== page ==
Since the tax is thus levied not alone on the purchaser but on the vendor as well, it is a necessary corollary that one measure of the vendor's obligation as a taxpayer is the tax which his customers were required to pay on individual sales, and that obligation may not be discharged by payment of any lesser amount, irrespective of the vendor's exercise of reasonable diligence in collection. (See Matter of Atlas Television Co., supra, 273 N.Y. 51, 58.) Although the tax is not, as we have observed, imposed in the first instance on the vendor, "he is under a duty to pay the tax to the city regardless of whether or not * * * [he] collects it from the purchaser." ( Merchants Refrig. Co. v. Taylor, supra, 275 N.Y. 113, 124.) The case of Matter of American Cyanamid Chem. Corp. v. Joseph ( 308 N.Y. 259), cited in the dissenting opinion, has no bearing on the present problem. All we there held was that the vendor was entitled to rely on his purchaser's resale certificates — provided for by the sales tax law itself — to the effect that he was purchasing the property for resale; nothing turned on whether the vendor's status was that of taxpayer as well as collector.

To accept Grant's position would be to hold that there are separate standards governing the liability of purchaser and vendor. According to Grant, while the purchaser is required to pay the precise amounts specified in the comptroller's bracket schedule, the vendor is obligated for no more than 2% of its total receipts. That is not, and cannot be, the law. It is clear that the section imposing a tax of 2% "upon * * * receipts from every sale" (Administrative Code, § N41-2.0) must be read together with the section authorizing the comptroller to prescribe schedules of the amounts to be collected from purchasers so as to eliminate fractions of one cent (§ N41-3.0). Since it is specified that "the vendor shall be liable for the collection" of the tax to be paid by the purchaser "and for the tax" (§ N41-2.0, subd. e), the necessary effect is to equate the vendor's liability as a taxpayer with the purchaser's obligation to pay the tax required to be collected. It would be anomalous indeed if the statute were to be read as imposing a higher tax on the purchaser than on the vendor. The liability of the latter is obviously to pay the tax required to be collected from the purchaser (Administrative Code, § N41-2.0, subd. e, as amd.), and it was manifestly contemplated and intended that the amount of the tax on the several individual sales was to be identical so far as both the purchaser and the vendor were concerned. (See Matter of Fifth Ave. Bldg. Co. v. Joseph, supra, 297 N.Y. 278, 283.)

This is confirmed by the sentence added to subdivision e of section N41-2.0 on July 1, 1946 — in subdivision b of section N41-17.0 prior thereto — to the effect that "The vendor and any officer of any corporate vendor shall be personally liable for the tax collected or required to be collected under this title". (Local Laws, 1946, No. 17 of City of New York, § 1.)

Since, as we have indicated, the vendor occupies the role of taxpayer, as well as collector, and is liable to the city for the taxes which should have been paid by his purchasers (or the amount of taxes actually collected, if that be greater), we would expect the local law to require the vendor to maintain such records, including a record of individual sales, as bear on determining his liability. And, sure enough, so the local law plainly provides. Thus, the statute mandates "Every person * * * [to] keep records of receipts and of the tax payable thereon" (Administrative Code, § N41-4.0) and further declares that "Upon each taxable sale * * * the tax to be collected shall be stated and charged separately from the sale price * * * and shown separately on any record thereof" (§ N41-2.0, subd. e). Moreover, by article 24 of the regulations promulgated by the comptroller in 1938, and effective during the entire period here involved, a vendor is called upon to maintain "such other records as may be necessary or required to determine his tax liability or the extent thereof."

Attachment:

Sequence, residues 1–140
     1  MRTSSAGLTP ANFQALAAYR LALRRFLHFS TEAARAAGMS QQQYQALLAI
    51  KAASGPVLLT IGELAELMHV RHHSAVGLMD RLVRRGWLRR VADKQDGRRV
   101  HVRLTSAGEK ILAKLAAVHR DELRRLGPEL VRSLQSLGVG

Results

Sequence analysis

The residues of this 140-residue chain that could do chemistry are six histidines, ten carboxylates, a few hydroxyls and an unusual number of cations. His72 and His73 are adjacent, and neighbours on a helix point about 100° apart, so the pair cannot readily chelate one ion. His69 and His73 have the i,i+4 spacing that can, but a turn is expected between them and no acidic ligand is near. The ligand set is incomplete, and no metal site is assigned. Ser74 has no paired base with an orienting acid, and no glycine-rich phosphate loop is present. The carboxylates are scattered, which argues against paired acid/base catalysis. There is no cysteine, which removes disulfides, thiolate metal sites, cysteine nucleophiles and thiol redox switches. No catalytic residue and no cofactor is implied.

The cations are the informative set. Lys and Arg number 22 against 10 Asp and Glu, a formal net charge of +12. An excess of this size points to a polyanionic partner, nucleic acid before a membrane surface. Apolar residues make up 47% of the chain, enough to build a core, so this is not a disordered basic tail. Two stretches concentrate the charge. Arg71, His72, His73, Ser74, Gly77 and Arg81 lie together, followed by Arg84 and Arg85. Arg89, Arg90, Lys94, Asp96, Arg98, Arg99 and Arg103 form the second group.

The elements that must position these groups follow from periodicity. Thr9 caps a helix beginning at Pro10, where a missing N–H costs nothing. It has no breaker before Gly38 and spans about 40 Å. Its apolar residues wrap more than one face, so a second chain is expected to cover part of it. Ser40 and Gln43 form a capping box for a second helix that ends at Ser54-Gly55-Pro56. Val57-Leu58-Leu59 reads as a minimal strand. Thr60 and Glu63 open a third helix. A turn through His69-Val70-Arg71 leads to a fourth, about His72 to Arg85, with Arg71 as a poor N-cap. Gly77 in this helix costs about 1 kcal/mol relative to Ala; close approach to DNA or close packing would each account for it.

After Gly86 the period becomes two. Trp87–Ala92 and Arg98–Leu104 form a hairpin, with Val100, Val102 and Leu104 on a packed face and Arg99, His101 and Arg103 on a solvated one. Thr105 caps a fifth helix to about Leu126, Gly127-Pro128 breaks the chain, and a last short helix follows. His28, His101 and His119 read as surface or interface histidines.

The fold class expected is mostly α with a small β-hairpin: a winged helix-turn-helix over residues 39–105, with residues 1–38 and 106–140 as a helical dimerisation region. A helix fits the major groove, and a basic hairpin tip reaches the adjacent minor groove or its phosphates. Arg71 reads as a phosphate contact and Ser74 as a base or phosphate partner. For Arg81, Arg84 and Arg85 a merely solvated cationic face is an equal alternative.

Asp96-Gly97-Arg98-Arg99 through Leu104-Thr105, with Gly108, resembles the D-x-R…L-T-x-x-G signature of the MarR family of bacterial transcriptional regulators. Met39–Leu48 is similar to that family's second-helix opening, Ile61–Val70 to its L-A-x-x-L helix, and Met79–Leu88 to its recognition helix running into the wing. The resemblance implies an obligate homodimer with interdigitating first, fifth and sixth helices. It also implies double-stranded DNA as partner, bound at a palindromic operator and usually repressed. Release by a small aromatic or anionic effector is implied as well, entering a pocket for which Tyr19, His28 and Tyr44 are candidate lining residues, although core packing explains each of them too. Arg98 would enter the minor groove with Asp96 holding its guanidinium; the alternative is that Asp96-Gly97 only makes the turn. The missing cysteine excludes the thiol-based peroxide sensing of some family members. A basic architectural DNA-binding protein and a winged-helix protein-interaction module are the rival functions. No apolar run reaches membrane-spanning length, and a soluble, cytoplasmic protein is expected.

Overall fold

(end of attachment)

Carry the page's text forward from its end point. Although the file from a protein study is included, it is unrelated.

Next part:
There is no specification of the precise sort of record that must be kept, but one there must be to permit the determination of the vendor's tax liability. If, as urged by the appellant, the keeping of the requisite records is unduly onerous and expensive, the plaint should be directed to the legislative body responsible for the imposition of the requirement; the courts have no power to change the applicable statutory law or sanction a departure from its provisions.

Obviously, these requirements cannot be satisfied by keeping records only of total sales receipts and of total collections, without any record of taxes payable on individual sales where, as here, the extent of the vendor's tax liability turns on the individual sales receipts and the tax payable thereon in each instance. If no records were kept of individual sales, if the appellant's system — deposit by the sales clerk of unrecorded coins in a metal box — were sanctioned, there would be no way of ascertaining whether the vendor's sales clerks were collecting, or whether the vendor was remitting, the full amount of taxes required to be collected from the purchasers. The sales clerks themselves would, for all practical purposes, be the ones administering the sales tax law. Certainly, the collection of the sales tax was never intended to be solely dependent on, and measured by, the honesty, efficiency and accuracy of the vendor's sales personnel.